Lets assume the bandwidth in use is 10kHz, the allowable variation is 25% or 2.5kHz and the transmitter is on 434.000Mhz. For the link to work the receiver needs to be on or between 433.9975Mhz and 434.0025Mhz. This is an exacting requirement for a low cost crystal, even if transmitter and receiver are at the same temperature.
Low bandwidths of 20.8kHz have been used for long range trackers and they do give better performance, but care is needed as devices used at this bandwidth may not talk to each other unless a frequency calibration factor is measured and applied. Once communication is established at low bandwidth a form of automatic frequency control can be used to adjust the receivers base frequency to keep it within the capture range.
A bandwidth of 62.5kHz has been found to be reliable and allows for differences in manufacturing tolerance and temperature between transmitter and receiver devices. Applications such as The Things Network (see later) use a bandwidth of 125kHz.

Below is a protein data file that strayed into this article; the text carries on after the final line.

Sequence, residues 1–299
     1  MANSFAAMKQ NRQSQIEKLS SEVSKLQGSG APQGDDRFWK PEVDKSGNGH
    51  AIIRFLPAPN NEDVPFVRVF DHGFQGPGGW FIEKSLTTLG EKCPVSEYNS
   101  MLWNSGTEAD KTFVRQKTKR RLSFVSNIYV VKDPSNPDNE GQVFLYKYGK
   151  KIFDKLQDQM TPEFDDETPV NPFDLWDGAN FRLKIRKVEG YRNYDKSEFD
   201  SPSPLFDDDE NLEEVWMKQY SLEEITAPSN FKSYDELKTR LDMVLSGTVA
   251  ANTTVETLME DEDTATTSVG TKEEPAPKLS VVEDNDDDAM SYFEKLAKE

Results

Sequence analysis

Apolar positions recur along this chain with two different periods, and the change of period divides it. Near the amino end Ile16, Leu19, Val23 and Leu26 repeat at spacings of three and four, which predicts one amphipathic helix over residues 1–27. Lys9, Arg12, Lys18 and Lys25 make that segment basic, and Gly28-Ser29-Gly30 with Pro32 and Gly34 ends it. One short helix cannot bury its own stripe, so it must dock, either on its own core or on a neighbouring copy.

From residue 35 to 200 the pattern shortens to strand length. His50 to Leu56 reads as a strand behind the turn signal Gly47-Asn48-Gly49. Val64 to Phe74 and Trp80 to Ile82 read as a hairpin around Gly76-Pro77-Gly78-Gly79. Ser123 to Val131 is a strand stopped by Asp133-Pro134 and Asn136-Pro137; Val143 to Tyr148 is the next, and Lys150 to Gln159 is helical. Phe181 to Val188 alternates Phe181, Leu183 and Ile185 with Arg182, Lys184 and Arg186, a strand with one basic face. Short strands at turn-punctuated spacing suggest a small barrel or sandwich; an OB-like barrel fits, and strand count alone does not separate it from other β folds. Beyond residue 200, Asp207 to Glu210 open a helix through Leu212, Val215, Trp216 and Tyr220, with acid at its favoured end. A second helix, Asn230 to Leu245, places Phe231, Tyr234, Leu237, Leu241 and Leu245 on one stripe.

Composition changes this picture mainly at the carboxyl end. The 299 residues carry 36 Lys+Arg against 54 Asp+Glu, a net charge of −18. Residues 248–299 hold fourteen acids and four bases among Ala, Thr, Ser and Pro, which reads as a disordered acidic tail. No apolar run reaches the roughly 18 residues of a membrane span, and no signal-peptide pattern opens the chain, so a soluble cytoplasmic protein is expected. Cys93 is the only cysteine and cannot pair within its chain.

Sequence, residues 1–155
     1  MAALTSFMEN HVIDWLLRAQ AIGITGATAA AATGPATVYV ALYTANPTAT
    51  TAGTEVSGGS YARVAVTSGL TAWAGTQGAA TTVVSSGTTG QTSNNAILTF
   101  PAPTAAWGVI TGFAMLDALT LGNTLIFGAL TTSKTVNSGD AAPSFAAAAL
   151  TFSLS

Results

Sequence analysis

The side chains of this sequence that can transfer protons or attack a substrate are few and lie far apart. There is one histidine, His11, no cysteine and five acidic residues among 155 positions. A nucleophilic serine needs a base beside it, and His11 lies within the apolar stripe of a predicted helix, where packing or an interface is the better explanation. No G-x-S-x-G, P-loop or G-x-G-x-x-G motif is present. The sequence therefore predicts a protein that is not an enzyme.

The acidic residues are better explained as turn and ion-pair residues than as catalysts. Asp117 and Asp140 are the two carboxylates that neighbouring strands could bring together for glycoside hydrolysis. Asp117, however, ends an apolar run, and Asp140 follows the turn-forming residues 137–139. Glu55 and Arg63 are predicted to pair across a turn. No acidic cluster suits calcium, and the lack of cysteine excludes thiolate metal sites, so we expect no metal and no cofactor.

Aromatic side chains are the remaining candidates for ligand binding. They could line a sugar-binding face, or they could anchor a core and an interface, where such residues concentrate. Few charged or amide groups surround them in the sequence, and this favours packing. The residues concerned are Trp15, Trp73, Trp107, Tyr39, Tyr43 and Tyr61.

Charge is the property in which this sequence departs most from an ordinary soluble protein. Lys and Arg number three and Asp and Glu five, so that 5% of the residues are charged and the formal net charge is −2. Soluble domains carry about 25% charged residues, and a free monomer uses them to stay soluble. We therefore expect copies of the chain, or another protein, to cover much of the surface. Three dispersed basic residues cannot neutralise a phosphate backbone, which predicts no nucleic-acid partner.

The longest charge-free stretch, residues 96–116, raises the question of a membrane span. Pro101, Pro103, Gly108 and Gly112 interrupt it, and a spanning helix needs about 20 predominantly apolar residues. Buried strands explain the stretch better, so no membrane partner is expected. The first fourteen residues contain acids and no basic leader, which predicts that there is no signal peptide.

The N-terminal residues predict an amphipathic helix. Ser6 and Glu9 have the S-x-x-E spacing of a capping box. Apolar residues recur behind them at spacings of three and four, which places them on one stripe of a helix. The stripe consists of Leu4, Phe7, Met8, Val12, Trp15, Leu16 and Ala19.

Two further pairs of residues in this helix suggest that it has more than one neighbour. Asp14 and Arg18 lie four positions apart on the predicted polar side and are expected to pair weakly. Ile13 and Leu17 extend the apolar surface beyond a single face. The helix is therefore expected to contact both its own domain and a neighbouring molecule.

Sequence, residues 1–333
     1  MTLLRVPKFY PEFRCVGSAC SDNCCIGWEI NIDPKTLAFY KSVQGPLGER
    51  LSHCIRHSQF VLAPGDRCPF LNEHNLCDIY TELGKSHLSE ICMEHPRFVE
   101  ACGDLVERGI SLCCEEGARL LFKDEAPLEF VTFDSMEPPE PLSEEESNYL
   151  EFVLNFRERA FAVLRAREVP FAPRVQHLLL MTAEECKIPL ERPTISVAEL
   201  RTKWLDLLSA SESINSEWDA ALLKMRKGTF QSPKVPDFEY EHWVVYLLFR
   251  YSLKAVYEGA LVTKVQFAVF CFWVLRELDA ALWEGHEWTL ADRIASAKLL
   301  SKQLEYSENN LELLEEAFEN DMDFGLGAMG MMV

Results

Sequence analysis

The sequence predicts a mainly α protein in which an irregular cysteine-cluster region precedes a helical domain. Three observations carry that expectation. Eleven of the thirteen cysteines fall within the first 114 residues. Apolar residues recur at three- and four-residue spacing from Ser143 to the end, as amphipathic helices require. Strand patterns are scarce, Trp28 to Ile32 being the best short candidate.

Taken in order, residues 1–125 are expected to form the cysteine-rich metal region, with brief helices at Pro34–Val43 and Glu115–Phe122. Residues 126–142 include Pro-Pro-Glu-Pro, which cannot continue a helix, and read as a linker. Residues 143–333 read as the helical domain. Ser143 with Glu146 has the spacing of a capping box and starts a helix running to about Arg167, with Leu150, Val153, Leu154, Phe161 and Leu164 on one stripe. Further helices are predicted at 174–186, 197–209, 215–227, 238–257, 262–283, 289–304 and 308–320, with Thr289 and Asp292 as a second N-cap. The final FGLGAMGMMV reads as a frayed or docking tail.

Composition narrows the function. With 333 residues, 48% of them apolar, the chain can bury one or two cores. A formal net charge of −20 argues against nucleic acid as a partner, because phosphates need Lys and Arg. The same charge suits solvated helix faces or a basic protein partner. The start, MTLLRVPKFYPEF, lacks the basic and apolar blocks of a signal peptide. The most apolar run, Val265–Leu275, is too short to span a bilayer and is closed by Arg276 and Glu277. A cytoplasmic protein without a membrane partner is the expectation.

Newer LoRa devices such as the SX1262 are designed to use temperature compensated crystal oscillators (TCXO). The TCXO is very stable in frequency and can allow LoRa devices to be used at the lowest bandwidth (7.8kHz) even when there are significant temperature differences between transmitting and receiving LoRa devices.
This controls the amount of signal processing gain. The spreading factor can be set between 6 and 12. A setting of 6 can only be used with fixed length packets, so is not often used in applications.
The spreading factor defines the below noise performance. SF6 gives a -7.5dB below noise performance and SF12 a -20dB below noise performance.
The larger spreading factors therefore give more range, as it allows the reception of weaker signals, the trade off is that higher spreading factor packets take longer to transmit.
Additional data can be added to the packet to allow for error correction. This can result in small signal gains at the limit of reception. The coding rate can be varied between 4:5 and 4:8, the higher 4:8 rate will result in longer packets.
A fuller description of LoRa will be found in this document;
And a good video on the basics of radio propagation, antennas and LoRa can be fould here, LoRa modulation itself is described from 34:00;
Next - Part 2